Fall and remembering


Summer has given way to fall, and no season rushes up as quickly or is as welcomed by me as this one.  I swear the air is different.  The locust trees have begun to drop their gold leaves and the wind is kicking them around in the street.  My dahlias are past their prime.  We even had our first rain, yesterday.

Fall means lots of things to me.  Among them: chili and cornbread, oatmeal for breakfast, and more things with crusts like pot pies, fruit pies, pumpkin pies, and cobblers.  It means you can get out your sweater and slippers from the back of the closet.  And if you light candles at dinner, it actually gets dark enough to see them while you eat.  Fall means travel and gift planning for the holidays, it means driving around town and having to stop behind school busses, and it means my towel will actually dry between showers because the house is warmer and drier thanks to turning on the furnace.  And then there is the doughnut making.

Making doughnuts is our fall tradition.  It's also an act of remembering.  My mother in law, Esther, passed away 15 years ago tomorrow.  She made doughnuts in the fall, too.

Esther was a lovely woman.  I knew her for only about six years and she was in her 60s then.  I remember one time that she and Herman came to visit Byron and me at college when we were dating.  He was playing in a hockey game and I was sitting in the stands with Esther and Herman watching the game.  She was so concerned that I stay warm enough that she nabbed the bedspread off their hotel bed and brought it along to the hockey rink, insisting that I wrap myself in it.  I always felt that she was genuinely thrilled to have me in the family when I married her son.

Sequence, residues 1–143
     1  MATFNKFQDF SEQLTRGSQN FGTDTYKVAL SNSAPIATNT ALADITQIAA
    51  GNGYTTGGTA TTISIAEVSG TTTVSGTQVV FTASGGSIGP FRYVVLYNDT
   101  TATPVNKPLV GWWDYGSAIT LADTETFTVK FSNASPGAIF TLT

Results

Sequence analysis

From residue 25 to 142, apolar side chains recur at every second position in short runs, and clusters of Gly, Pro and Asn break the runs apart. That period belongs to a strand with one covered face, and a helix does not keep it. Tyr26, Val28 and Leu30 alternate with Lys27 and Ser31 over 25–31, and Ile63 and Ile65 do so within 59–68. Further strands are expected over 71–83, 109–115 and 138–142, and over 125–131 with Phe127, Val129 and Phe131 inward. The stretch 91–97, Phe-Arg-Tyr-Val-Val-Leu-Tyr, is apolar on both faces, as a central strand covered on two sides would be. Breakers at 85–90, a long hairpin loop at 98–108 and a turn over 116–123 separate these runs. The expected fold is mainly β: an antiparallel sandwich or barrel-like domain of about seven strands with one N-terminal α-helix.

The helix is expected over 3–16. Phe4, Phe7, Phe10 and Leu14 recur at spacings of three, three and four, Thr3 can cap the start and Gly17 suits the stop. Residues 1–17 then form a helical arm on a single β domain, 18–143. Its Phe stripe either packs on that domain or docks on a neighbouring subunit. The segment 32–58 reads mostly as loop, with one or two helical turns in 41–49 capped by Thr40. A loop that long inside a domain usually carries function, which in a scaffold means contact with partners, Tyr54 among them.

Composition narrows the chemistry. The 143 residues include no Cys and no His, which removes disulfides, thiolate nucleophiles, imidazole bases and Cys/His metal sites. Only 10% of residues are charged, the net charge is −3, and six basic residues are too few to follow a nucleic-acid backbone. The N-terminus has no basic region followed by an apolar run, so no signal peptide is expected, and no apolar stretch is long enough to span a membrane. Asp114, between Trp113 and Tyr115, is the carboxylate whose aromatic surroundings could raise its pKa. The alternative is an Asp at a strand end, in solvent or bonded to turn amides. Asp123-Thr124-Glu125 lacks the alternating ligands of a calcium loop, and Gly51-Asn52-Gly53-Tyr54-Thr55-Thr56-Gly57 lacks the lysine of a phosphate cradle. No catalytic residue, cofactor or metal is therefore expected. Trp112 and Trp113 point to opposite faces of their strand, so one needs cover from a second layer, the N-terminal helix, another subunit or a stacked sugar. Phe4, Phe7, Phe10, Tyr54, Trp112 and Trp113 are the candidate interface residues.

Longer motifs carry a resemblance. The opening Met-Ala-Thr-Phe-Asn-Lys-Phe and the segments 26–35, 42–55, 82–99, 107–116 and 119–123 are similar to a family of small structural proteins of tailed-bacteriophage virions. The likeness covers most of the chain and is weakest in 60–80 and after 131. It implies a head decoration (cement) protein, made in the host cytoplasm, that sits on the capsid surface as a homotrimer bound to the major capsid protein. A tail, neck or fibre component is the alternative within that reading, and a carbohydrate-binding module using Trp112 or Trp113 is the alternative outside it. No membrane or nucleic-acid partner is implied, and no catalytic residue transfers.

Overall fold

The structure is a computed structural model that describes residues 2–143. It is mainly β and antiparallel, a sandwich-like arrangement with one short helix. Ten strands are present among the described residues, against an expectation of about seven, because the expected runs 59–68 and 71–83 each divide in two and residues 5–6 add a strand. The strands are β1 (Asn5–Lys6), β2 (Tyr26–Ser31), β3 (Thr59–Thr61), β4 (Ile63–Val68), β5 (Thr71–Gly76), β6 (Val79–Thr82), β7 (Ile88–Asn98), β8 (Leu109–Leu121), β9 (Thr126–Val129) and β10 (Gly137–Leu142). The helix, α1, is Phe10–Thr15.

She was many things: a caring mother who always tucked a $20 bill into notes to her son, a baker of good bread and even better cinnamon buns, and a connoisseur of classical music who followed along with her own score when we took her to The Messiah one Christmas.  I also remember her nutty phrase like "Heavens to Betsy" and "I've had the biscuit."  I say them occasionally and think of her and smile.

Before she married Byron's dad, she had a life full of adventure as a single woman -- pursuing a master's degree in nursing and then teaching obstetrics nursing in Boston and Los Angeles and Portland, Oregon.  Only after doing that for many years did she marry at 43, move to Northern British Columbia to set up housekeeping with Herman, and have a baby of her own at 44.

Each fall we make homemade doughnuts using her recipe, and in doing so, we try to keep her memory alive and not just in our heads.  In remembering her this fall I can't help but think about how much she would have loved Wyatt.

I miss you Esther.

Sunset over the Olympic Mountains as seen from our deck in September 2011

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